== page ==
Equally as invisible as the hood is now, the neighborhood, however, depended on its residents, the middle class included, to oversee the survival of its children - all of its children. How many children in a neighborhood went to schools with metal detectors? How many children in a neighborhood went to bed on an empty stomach? How many children in a neighborhood would have felt unloved?

Today, in the hood, an array of corporate and military benefactors are substitutes for �Ms. Durham and Ms. Reed or Ms. Stuckey,� Mom and Dad - too poor themselves to matter! The benefactors make an offer to the young inhabitants of the hood - you know - an offer they cannot refuse. You have seen this movie. The children agree to recognize Life itself in the conditions established for the hood, and, for their compliance, Santa Claus�s bag of goodies is filled with little tokens of corporate love headed for the hood.

But it is not love; it is looking out for No. 1: corporate interests!

That 49.2 percent of all children and 90 percent of Black children in the United States will spend their formative years on food stamps is a profitable venture for the supermarkets, particularly big-box chains stores receiving from the government, according to Roland Sheppard, union activist, re-imbursements for �the difference in retail prices� of each item purchased with food stamps. There is a market for food stamps that guarantees a profit for the supermarket. �The government could provide surplus food directly to those in need of food. His would be an alternative to food stamps,� said Sheppard. 50 percent of Black children could be feed without food stamps. �But everything the government does guarantees profits for the rich.� But with food stamps, Sheppard explains, �the government pays these supermarkets and who pays the taxes for the privatization of food stamps?�

The slickest?

The �peoples� representatives� are made offers, too.� Congress, mayors, local representatives, sell their responsibility for the governance of State and the peoples� interests to Wall Street bankers and corporations who, in turn, maintain a monopoly on the hood. It is Wall Street and the corporations, brimming from ear to ear like Keith Ledger�s Joker, who are the true god-heads of these worlds (labeled the hood, Iraq, Afghanistan, the rainforest, the reservations, the barrios, the sweatshops), amazed at their ability to merge their new plantations through invisible (except to them) representations of capital.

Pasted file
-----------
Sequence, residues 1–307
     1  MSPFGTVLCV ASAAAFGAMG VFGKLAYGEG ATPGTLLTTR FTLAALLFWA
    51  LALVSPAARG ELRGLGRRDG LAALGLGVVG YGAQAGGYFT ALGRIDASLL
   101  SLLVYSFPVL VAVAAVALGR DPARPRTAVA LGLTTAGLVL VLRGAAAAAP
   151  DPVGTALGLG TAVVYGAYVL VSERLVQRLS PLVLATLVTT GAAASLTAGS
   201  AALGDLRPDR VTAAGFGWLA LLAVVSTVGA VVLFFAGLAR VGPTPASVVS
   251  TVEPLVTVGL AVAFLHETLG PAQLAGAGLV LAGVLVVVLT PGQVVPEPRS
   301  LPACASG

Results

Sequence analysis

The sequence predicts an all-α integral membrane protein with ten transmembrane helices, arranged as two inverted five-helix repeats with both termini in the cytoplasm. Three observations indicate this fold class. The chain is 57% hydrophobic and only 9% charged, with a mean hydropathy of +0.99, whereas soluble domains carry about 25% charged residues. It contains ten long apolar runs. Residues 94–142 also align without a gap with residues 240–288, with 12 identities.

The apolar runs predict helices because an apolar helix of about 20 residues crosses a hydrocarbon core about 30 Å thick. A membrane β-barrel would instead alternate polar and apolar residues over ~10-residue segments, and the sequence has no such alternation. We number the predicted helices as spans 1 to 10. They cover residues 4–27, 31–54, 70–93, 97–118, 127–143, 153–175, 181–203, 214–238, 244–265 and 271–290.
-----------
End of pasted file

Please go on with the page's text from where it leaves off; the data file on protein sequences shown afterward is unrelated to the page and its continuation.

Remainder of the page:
Who subsidizes poverty in the hood - and for what?

Say it again - Taxpayers! What�s so abstract in - you pay for the war on poverty as they pay for the wars abroad! You guarantee the expansion of the hood!

$915.1 billion dollars is spent on war. $687 is allocated for Iraq while $228 is spent in Afghanistan.

Below is a list of some cities� contributions in taxpayers� money for war. Add up all the money that the war on poverty could apply to caring for the wellbeing of our children:

Louisville, Kentucky ($386,862,300)

Cleveland, Ohio ($868,145,900)

Chicago, Illinois ($9,712,600,000)

Philadelphia, Pennsylvania ($3,351,469,240)

New Orleans, Louisiana ($638,277,800)

Los Angeles, California ($9,903,894,000)

New York City, New York ($30,997,128,700)

Detroit, Michigan ($1,559,903,400)

And, according to the National Priority Project, request for $130 billion more for war from the FY2010 budget is in the works. Consequently, the total war spending in Iraq and Afghanistan is expected to be $1 trillion!

For the imperialists, children, particularly Black, Iraqi, and Afghanis children, living in the margins of the American Empire, are ultimately disposable! The U.S. is engaging in human rights violations against its own children. How can this self-proclaimed moral leader among nations be expected to care about the world�s children?

The militarization of cities within the U.S. against protesters and activists, the poor and the working class ought to mobilize a collective front of resistance to corporatehood! Editorial Board member, Lenore Jean Daniels, PhD, has been a writer for over thirty years of commentary, resistance criticism and cultural theory, and short stories with a Marxist sensibility to the impact of cultural narrative violence and its antithesis, resistance narratives. With entrenched dedication to justice and equality, she has served as a coordinator of student and community resistance projects that encourage the Black Feminist idea of an equalitarian community and facilitator of student-teacher communities behind the walls of academia for the last twenty years. Dr. Daniels holds a PhD in Modern American Literatures, with a specialty in Cultural Theory (race, gender, class narratives) from Loyola University, Chicago. Click here to contact Dr. Daniels.



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November 12 , 2009
Issue 350

is published every Thursday

Executive Editor:
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Est. April 5, 2002